‘Translation of the Persian Lexical Collocational Patterns into English from a Comparative Phraseological View’ by Zeinab Danyari & Forouzan Dehbashi Sharif

Abstract

This article aimed to shed light upon the nature of the differences in collocational patterning of Persian and English languages and sought to find which Persian collocational patterns, from phraseological point of view, would be used when the translators are nonnative Persian speakers and what kind of structural shifts might have the dominancy in English translation of Persian collocational patterns while translating the Persian collocations into English. For this purpose, eleven Persian texts were chosen from different genres and periods of time. The texts were analyzed qualitatively and quantitatively. 550 collocations were extracted from Persian texts and then, their English correspondences were extracted from the English translations of the selected Persian texts. Persian collocations and their English correspondence were compared and analyzed based on their structural patterns and all the possible shifts were gathered up. Based on the findings of this research, Persian language contains at least forty collocational patterns. The researcher also found that noun + adjective pattern had the highest frequency among the Persian collocational patterns, while adjective + noun and noun + noun were highly frequent in English texts. Moreover, the results of this research showed there was a significant difference between the Persian lexical collocational patterns and their restrictions with their English correspondence in the translated texts.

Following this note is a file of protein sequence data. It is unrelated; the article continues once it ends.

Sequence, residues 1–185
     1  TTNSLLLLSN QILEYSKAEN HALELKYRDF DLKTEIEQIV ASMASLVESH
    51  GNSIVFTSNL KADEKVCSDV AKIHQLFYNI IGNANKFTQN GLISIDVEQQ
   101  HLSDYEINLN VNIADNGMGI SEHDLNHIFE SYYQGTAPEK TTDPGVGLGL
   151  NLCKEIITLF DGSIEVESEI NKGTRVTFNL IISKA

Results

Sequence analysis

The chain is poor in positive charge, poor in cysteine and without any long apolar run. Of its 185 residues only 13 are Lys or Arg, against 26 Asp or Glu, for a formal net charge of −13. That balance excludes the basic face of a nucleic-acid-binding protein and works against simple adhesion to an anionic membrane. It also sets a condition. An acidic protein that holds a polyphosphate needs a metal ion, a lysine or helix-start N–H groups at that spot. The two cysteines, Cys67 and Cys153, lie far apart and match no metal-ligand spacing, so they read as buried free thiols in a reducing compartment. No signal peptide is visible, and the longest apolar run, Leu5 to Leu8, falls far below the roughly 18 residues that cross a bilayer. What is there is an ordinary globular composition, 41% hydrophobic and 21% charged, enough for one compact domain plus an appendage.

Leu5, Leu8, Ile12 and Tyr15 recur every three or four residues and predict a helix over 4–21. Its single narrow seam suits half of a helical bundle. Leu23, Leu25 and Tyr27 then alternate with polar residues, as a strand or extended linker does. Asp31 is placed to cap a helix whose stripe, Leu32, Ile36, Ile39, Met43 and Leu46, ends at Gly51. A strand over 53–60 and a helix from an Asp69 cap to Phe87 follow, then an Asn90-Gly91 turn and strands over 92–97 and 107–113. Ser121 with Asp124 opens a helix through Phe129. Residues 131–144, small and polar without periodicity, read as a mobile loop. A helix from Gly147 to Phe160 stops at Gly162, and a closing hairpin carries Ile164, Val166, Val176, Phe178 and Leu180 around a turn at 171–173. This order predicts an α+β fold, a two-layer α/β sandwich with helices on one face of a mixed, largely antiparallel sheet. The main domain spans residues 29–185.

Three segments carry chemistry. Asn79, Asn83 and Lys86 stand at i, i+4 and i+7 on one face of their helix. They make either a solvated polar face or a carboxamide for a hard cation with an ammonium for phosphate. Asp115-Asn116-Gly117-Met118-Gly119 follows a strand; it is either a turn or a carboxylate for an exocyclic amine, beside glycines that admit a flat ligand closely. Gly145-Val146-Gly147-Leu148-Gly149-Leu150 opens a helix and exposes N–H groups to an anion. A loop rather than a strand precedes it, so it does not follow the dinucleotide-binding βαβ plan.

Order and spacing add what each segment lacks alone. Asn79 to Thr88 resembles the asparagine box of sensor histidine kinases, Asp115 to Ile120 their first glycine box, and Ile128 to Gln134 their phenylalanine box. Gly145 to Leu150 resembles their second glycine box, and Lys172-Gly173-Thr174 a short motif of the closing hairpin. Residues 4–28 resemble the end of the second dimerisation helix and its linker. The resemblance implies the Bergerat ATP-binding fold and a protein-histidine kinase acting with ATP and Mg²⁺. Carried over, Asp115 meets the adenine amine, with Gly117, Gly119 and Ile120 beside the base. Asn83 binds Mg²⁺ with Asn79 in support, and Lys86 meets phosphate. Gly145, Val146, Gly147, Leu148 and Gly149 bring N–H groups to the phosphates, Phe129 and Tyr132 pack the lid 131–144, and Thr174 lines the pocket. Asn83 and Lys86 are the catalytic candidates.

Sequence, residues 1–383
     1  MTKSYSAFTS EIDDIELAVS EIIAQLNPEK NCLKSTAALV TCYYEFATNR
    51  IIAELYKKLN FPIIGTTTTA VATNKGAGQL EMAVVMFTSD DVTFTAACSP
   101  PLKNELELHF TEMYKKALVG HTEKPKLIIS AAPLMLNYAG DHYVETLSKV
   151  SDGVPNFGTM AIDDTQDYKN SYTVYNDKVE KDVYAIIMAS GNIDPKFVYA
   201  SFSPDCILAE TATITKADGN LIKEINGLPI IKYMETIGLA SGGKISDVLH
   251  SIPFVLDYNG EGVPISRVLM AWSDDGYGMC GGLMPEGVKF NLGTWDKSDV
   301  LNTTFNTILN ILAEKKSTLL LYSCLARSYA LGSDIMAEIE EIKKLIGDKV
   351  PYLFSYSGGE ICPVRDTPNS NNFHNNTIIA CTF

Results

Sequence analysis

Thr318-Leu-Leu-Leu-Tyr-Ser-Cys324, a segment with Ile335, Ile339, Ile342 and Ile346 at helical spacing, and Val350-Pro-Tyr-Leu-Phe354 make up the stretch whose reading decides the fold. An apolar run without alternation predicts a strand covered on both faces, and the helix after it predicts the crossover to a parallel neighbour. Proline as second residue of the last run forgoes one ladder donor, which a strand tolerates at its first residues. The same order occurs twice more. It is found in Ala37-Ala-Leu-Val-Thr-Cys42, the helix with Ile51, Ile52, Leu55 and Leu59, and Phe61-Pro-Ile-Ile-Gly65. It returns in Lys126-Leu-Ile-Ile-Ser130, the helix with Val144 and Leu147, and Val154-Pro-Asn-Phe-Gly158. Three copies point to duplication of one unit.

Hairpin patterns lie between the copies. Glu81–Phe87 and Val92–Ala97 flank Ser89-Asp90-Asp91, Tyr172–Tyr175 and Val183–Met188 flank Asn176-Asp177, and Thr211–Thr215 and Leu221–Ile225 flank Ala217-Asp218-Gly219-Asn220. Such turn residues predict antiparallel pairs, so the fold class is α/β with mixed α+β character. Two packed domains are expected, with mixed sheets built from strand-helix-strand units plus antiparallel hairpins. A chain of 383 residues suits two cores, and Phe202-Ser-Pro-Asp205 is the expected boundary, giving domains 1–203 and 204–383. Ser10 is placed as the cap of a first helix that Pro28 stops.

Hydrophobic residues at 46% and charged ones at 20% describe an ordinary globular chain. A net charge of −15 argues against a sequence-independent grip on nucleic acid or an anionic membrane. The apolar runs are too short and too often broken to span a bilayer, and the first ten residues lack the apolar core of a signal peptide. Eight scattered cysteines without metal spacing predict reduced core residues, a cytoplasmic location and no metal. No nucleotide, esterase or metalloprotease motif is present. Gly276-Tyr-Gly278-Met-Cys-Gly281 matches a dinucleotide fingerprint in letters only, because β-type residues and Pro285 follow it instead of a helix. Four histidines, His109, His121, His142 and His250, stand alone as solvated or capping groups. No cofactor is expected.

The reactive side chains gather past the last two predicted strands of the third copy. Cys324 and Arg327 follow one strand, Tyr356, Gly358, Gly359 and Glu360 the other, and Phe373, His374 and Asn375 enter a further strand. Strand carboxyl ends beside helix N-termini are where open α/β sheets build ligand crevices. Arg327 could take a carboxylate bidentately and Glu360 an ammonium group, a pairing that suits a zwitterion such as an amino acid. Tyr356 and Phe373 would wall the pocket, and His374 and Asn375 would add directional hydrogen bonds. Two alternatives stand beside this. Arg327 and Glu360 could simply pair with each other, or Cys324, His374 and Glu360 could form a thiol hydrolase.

Index Terms: Collocational Patterning, Collocational Restrictions, Lexical Collocations, Phraseology

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‘The Relationship between Iranian EFL Learners’ Language Proficiency and Pragmatic Competence’ by Bahman Hamidi & Mohammadreza Khodareza

Abstract

Many scholars put emphasis on the mutual effect of pragmatic competence and language proficiency in conducting a healthy communication such as Hoffman-Hicks (1999) that claimed linguistic proficiency is a prerequisite to pragmatic competence though it does not guarantee pragmatic competence. Also Thomas (1983) supported that a lower-level grammar leads to the misinterpretation of speech acts among L2 learners. This study aimed to find out the relationship between pragmatic competence of Iranian EFL learners and their language proficiency. To this purpose, sixty-five participants attended the study including 25 males and 40 females who had been homogenized through Oxford Placement Test. To measure learners’ pragmatic competence, Roever’s (2005) questionnaire was used. The Spearman Rank-Order correlation test was run to calculate the relationship between pragmatic competence and language proficiency. The result of the study showed that language proficiency plays a significant role in Iranian EFL learners’ pragmatic competence.

Key words: Iranian EFL learners, language proficiency, pragmatic competence.

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